Constitutional change

Lord Norton

22831-1-lord-nortonI realise that in my earlier post on last week’s debate on the constitution, home affairs and legal issues, I omitted to provide a link to my speech, which dealt with the Government’s approach (or rather lack of one) to constitutional change.  Anyone wishing to do so can read it here (at columns 315-17).

I would like to say that the link is added by popular demand.  I would like to say that, but I can’t.  I’m just assuming….

3 comments for “Constitutional change

  1. Adrian Kidney
    18/12/2008 at 12:00 am

    Thankyou my Lord.

    Lord Norton, in your speech you call for a Royal Commission (or equivalent) to assess the Constitution holistically – wouldn’t you be fearful of it creating a whole other bag of horrendously thought out reforms, such as once again suggesting election to the Upper House?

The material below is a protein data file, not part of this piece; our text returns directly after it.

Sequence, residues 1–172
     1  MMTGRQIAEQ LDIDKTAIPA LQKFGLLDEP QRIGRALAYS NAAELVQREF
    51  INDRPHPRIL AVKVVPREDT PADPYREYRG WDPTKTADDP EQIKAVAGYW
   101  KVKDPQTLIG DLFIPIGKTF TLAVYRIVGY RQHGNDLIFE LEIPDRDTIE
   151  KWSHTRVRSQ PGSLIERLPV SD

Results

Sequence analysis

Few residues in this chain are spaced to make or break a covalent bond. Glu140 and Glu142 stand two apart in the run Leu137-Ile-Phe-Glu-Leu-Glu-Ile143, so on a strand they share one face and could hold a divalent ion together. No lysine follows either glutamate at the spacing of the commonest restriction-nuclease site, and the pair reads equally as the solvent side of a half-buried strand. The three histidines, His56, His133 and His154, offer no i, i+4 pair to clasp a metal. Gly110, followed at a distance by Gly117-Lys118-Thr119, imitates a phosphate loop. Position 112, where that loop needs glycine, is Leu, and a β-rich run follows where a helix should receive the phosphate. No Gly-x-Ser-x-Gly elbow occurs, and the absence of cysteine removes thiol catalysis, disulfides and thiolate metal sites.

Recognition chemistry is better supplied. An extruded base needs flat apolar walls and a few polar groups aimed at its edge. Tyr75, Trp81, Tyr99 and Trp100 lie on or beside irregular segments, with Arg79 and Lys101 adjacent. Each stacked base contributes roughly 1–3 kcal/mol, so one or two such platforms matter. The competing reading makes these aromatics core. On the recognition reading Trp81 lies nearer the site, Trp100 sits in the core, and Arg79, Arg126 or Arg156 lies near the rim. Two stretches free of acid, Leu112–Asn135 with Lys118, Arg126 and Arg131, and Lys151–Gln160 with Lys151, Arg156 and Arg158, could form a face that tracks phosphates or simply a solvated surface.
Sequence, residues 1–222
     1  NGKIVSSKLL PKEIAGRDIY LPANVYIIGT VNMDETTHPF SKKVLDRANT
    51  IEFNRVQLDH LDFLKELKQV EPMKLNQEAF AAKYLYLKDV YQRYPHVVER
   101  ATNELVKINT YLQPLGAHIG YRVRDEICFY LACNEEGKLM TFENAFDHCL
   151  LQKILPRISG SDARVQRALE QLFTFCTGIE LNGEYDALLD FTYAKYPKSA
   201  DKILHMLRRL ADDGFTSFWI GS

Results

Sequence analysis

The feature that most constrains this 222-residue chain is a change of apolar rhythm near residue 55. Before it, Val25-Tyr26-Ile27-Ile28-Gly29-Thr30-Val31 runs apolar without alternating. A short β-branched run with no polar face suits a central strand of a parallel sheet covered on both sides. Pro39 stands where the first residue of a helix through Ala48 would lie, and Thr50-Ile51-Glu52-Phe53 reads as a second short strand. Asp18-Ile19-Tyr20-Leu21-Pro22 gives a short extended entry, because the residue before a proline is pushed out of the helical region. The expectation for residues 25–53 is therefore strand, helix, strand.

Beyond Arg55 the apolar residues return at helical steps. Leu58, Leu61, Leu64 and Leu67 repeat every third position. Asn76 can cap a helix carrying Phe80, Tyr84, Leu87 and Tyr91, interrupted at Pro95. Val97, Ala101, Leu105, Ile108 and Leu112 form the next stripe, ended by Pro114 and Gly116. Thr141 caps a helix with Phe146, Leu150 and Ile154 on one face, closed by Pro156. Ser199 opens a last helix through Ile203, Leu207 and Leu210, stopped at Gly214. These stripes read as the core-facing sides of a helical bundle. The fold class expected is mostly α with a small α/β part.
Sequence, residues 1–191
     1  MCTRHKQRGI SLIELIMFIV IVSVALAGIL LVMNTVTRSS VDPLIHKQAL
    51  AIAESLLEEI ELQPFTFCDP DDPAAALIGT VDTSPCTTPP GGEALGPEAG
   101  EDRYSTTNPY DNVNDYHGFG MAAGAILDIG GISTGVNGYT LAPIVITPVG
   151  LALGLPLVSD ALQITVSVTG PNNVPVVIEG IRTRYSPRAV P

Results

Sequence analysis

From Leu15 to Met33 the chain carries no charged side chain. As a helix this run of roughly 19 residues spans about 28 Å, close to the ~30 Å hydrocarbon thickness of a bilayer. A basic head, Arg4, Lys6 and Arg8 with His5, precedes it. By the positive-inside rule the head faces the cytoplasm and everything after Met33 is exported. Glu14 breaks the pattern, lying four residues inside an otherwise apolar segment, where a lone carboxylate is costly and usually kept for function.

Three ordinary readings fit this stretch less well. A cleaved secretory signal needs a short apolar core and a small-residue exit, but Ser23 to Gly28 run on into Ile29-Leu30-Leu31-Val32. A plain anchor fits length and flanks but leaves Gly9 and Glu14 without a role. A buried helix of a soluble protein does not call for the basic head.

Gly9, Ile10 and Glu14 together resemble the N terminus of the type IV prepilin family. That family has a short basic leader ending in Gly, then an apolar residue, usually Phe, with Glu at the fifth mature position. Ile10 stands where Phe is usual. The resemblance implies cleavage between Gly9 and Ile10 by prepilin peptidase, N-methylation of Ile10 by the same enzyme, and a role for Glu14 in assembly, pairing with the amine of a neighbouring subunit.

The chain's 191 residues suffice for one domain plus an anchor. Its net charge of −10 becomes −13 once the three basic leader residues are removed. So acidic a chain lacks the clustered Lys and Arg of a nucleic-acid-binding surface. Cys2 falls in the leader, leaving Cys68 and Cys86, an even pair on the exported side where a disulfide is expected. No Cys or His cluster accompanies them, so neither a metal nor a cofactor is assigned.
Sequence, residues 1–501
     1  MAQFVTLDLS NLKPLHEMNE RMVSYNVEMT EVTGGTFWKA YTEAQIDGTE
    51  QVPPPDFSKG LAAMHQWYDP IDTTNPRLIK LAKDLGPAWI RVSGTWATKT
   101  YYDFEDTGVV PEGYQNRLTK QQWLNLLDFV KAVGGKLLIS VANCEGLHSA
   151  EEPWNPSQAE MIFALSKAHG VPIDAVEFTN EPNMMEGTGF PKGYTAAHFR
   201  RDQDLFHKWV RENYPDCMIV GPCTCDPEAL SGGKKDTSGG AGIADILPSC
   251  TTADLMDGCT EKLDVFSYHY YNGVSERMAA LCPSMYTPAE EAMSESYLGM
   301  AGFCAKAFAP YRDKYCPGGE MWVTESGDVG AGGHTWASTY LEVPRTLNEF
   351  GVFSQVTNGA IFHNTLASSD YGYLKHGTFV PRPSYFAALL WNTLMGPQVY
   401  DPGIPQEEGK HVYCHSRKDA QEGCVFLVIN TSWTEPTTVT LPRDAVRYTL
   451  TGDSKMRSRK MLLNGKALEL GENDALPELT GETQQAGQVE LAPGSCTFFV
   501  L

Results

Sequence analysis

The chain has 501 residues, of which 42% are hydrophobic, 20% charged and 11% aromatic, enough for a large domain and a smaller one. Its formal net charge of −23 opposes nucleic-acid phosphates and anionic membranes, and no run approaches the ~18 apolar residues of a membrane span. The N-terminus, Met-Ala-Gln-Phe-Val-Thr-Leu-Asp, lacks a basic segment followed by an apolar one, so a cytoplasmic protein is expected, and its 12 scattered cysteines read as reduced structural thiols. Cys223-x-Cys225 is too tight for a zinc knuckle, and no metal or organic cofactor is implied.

2. 18/12/2008 at 3:07 am

    I’m not very popular but I am pretty demanding. It’s possible that by working together we could achieve some balance here.

  3. lordnorton
    20/12/2008 at 1:16 pm

    Adrian Kidney: I was very careful to say that I wanted a commission that could make sense of where we are and not one to tell us where to go. Before we even contemplate any further change, I think we need to stand back and reflect on where we have reached. Otherwise, we will forever be playing a form of constitutional catch-up. If the constitution is looked at holistically, I suspect people may see just how effectively the present House of Lords contributes to a political system marked by what I have elsewhere termed core accountability. We need to be aware of pressures that would fragment that core accountability and render the system less, not more, responsive to the people.

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